Towards the end of 2019, it seemed that cannabis investments had all but dried up. Today, our cannabis lawyers are seeing a huge uptick in investment transactions of all kinds in cannabis and hemp businesses. With investments on the rise again, we plan to do more posts on various legal aspects of cannabis investments. At the outset, it’s best to understand some fundamentals, and the best place to start is looking at the question of debt vs. equity.
It is extremely common for cannabis businesses (and especially startups) to raise capital through issuing equity (i.e., stocks in a corporation or membership interest in a limited liability company, or “LLC”). Typically, startups seek to offer a significant chunk of equity in exchange for a large monetary investment that can be used to cover initial operating or startup costs (think of things like costly tenant improvements that virtually all cannabis licensees are required to make in order to get a permit and start operating). Generally, these equity offerings are of a not insignificant amount, and we’ve seen a lot of businesses offer close to half of the equity in the business to an investor. This makes sense from a common-sense point of view as investors in startups probably don’t want to drop half a million to get a 3% stake.
Another alternative is debt. Cannabis businesses can take out loans without issuing any equity to third parties, leaving the founders in the driver’s seat of the business. Lenders may be less willing to provide large loans to startups as they don’t get anything in return except a promise to be repaid (and there’s always a risk that repayment may never happen for a business that doesn’t even have permits yet). It’s therefore very common for lenders to ask for something additional besides just a promise to repay: a security interest in some asset of the company (like real property, tangible assets, or in some cases even things like IP). It’s also very common for lenders to require corporate or personal guarantees where third parties promise to pay the debt of the borrower in the event of a default. Debt can often be a less-attractive method of raising capital for startups. Founders may be rightfully worried about offering security interests and personally guaranteeing large debt. Moreover, loans that require immediate repayment with large amounts of interest may not be viable for businesses that aren’t yet operational.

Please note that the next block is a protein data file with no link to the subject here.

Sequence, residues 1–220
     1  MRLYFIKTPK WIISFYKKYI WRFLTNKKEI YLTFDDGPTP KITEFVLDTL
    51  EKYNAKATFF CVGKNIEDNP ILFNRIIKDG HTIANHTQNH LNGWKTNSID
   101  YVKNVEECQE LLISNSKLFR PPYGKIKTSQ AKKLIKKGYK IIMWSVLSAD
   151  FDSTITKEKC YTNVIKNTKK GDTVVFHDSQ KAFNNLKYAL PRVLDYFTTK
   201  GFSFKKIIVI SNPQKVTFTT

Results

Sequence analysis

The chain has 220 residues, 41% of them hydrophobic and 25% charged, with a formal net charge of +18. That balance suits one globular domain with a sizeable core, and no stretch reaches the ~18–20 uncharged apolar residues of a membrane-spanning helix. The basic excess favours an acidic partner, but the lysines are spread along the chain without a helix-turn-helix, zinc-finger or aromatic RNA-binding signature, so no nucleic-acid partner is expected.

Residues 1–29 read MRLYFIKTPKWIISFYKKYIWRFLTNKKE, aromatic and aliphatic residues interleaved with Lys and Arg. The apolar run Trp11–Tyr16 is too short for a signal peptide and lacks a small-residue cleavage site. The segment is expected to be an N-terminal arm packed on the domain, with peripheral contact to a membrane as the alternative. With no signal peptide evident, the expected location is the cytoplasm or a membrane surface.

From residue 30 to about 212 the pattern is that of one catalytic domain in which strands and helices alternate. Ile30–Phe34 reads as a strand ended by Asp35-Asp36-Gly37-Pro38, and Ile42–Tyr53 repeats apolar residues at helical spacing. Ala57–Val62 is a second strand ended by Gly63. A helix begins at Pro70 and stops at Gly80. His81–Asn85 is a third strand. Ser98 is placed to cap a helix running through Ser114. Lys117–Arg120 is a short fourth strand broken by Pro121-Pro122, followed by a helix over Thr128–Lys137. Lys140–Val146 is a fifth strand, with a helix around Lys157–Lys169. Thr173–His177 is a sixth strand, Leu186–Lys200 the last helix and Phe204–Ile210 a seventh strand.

There are some hybrid methods of fundraising that cannabis businesses commonly employ. One of the most common methods is convertible debt, which basically is a loan that converts into equity upon the occurrence of a future event. The business getting the loan will issue a promissory note that can be converted into equity. Convertible notes often include complex formulas for how debt converts into equity, and parties can freely negotiate how and when the debt can convert, and there are a lot of complex legal and non-legal terms that both investors and startups should consider when entering into a convertible note arrangement.
For cannabis businesses seeking money from third parties, serious consideration should be made as to the type of investment transaction they will use and what is best–giving up a stake in the company or taking on guaranteed and/or secured debt. Additionally, companies should carefully consider cannabis regulations that affect investments and require disclosure of investors or lenders, so as to avoid disputes by investors who gave money before knowing they had to be disclosed.